Depth or the feeling of depth is a compositional element used to trick the brain in thinking a flat piece of paper (or screen) has three dimensional qualities. Here are five common effects the pros use to create depth:
Relative Size Effect - Include a distinct foreground, middle ground, and background in your composition. Elements in the foreground look larger than those in the middle ground which look larger than those in the background creating a sense of depth. This is often accomplished with a wide-angle lens and by getting down low and close to your foreground which has the effect of making it appear larger than life while the middle and background appear smaller than normal accentuating depth.
|Cascade Detail, North Creek, Zion NP - © Greg Clure|
Elevated Effect - Often used in combination with the above effect, gaining elevation helps by visually separating the foreground, middle ground, and background, which makes perspective lines and size comparisons more apparent.
|Ice Cream, White Pocket - © Greg Clure|
|Pocket Reflection, White Pocket - © Greg Clure|
Atmospheric Effect - The use of haze or fog creates depth by obscuring more distant objects even if those object are not all the far away.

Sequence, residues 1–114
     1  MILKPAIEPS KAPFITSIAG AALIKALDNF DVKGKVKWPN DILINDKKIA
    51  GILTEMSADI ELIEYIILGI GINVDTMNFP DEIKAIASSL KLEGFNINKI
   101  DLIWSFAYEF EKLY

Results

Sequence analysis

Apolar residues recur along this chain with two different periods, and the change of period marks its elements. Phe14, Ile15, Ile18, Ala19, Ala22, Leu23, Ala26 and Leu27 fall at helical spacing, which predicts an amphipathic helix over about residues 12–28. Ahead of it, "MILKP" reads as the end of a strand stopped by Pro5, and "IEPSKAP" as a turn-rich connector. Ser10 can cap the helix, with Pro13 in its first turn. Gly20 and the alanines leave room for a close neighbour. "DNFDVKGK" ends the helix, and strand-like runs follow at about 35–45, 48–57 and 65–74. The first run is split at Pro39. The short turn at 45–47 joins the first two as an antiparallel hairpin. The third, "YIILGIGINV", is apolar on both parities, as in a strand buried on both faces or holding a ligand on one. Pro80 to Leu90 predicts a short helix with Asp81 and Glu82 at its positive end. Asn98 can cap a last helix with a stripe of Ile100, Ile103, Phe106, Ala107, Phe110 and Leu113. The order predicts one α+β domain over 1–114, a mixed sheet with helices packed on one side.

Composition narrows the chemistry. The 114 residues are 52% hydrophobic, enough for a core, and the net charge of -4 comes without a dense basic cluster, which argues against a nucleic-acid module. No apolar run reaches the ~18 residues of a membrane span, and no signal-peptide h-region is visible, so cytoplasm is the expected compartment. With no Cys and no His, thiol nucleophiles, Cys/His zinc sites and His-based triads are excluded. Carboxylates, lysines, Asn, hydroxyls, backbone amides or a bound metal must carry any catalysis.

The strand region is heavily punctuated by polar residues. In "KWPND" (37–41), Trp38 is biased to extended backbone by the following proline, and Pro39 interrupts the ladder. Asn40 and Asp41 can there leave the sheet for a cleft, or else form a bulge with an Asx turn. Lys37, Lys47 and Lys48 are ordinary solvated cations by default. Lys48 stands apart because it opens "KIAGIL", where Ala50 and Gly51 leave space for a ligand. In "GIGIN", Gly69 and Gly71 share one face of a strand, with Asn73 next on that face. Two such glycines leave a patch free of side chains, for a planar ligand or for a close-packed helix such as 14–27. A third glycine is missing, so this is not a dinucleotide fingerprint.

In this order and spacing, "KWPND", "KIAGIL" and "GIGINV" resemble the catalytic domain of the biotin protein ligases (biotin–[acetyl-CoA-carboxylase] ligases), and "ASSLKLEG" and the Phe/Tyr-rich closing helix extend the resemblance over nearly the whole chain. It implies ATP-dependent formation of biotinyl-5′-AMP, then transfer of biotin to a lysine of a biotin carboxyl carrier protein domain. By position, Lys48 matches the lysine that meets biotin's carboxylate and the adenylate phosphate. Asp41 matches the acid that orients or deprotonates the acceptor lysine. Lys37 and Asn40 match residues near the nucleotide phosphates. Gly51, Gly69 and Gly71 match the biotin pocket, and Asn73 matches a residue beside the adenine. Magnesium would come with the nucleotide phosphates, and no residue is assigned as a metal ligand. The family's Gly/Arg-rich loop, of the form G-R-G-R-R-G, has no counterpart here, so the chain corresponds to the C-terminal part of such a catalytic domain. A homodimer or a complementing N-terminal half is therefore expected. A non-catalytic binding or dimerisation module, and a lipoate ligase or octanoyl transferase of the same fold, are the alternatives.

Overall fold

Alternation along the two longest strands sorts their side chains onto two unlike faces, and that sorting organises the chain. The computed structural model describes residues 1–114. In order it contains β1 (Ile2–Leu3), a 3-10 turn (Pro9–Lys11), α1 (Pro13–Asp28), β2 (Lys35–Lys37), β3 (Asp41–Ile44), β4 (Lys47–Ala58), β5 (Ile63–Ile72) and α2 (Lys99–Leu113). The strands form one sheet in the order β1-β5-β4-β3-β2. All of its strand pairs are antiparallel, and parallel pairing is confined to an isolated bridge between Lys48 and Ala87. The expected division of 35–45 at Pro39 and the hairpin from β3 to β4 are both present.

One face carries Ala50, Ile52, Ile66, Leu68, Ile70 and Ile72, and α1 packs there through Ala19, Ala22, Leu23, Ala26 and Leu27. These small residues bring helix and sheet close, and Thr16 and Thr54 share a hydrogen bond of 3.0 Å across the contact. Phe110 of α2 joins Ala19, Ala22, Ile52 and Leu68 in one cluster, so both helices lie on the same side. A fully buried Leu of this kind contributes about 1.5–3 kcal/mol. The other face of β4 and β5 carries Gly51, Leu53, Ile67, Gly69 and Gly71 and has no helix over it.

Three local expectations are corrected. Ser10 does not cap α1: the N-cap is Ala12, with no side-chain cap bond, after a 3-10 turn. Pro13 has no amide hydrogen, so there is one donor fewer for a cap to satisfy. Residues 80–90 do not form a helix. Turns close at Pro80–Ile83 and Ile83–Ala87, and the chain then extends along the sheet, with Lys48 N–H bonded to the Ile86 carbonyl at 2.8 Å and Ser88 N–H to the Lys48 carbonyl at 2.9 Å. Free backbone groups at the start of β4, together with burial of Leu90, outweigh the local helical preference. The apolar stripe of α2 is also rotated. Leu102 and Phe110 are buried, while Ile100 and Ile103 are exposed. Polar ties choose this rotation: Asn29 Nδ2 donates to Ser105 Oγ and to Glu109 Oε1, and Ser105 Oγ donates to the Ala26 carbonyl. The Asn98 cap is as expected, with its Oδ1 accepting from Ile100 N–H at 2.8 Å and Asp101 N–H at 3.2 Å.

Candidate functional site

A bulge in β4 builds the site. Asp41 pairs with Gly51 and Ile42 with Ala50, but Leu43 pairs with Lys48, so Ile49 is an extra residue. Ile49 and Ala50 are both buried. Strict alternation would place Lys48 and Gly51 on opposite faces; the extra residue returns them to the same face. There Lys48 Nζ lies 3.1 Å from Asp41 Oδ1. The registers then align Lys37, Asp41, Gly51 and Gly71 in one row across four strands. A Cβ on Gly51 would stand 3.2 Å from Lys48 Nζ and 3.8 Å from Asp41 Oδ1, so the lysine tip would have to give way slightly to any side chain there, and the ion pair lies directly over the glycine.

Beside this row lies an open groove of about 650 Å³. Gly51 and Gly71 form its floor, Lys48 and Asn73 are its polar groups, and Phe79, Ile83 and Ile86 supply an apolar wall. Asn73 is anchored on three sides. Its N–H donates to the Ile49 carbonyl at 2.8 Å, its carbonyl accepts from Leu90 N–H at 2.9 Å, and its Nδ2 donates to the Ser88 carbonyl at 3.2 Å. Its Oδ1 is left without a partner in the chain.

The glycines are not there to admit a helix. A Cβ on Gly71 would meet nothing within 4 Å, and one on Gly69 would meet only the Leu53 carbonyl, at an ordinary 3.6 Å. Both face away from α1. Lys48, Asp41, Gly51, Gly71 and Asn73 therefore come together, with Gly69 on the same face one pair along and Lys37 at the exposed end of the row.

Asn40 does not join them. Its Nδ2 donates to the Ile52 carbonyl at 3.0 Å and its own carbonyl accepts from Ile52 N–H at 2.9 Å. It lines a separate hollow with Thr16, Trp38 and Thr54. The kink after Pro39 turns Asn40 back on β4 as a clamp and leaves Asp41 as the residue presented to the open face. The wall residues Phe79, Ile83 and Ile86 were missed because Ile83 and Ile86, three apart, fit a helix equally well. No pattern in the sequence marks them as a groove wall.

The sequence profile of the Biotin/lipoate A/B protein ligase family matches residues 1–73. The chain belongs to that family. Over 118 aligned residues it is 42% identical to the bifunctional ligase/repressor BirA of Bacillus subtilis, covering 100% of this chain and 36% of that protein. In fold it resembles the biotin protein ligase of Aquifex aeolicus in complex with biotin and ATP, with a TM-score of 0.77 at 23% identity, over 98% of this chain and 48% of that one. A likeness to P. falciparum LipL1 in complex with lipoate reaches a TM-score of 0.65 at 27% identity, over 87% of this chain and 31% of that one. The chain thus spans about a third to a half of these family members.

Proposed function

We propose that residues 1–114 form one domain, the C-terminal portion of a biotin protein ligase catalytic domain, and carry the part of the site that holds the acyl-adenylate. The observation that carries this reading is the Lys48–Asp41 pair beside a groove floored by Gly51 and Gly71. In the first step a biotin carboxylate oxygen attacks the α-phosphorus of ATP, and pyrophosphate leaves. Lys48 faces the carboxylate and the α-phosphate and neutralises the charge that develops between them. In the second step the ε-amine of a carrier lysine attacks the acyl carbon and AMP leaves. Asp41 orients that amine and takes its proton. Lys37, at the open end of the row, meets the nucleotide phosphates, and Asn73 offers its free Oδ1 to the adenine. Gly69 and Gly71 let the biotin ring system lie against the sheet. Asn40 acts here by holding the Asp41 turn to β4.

|Toroweap Sunset - © Greg Clure|
Juxtaposition Effect - While similar to the first effect discussed, this effect uses a prominent foreground juxtaposed to the background. The reduction or elimination of a middle ground creates a strong sense of depth by accentuating distance.
|Stormy Sierras - © Greg Clure|
Perspective Effect - Include leading lines, S-curves and converging lines in your images as these visual cues of perspective are easily associated with depth or distance.
|Playa de Verde - © Greg Clure|
So what are you waiting for, get out there and and capture that third dimension of depth in your landscape images and breathe some life into your two dimensional photos.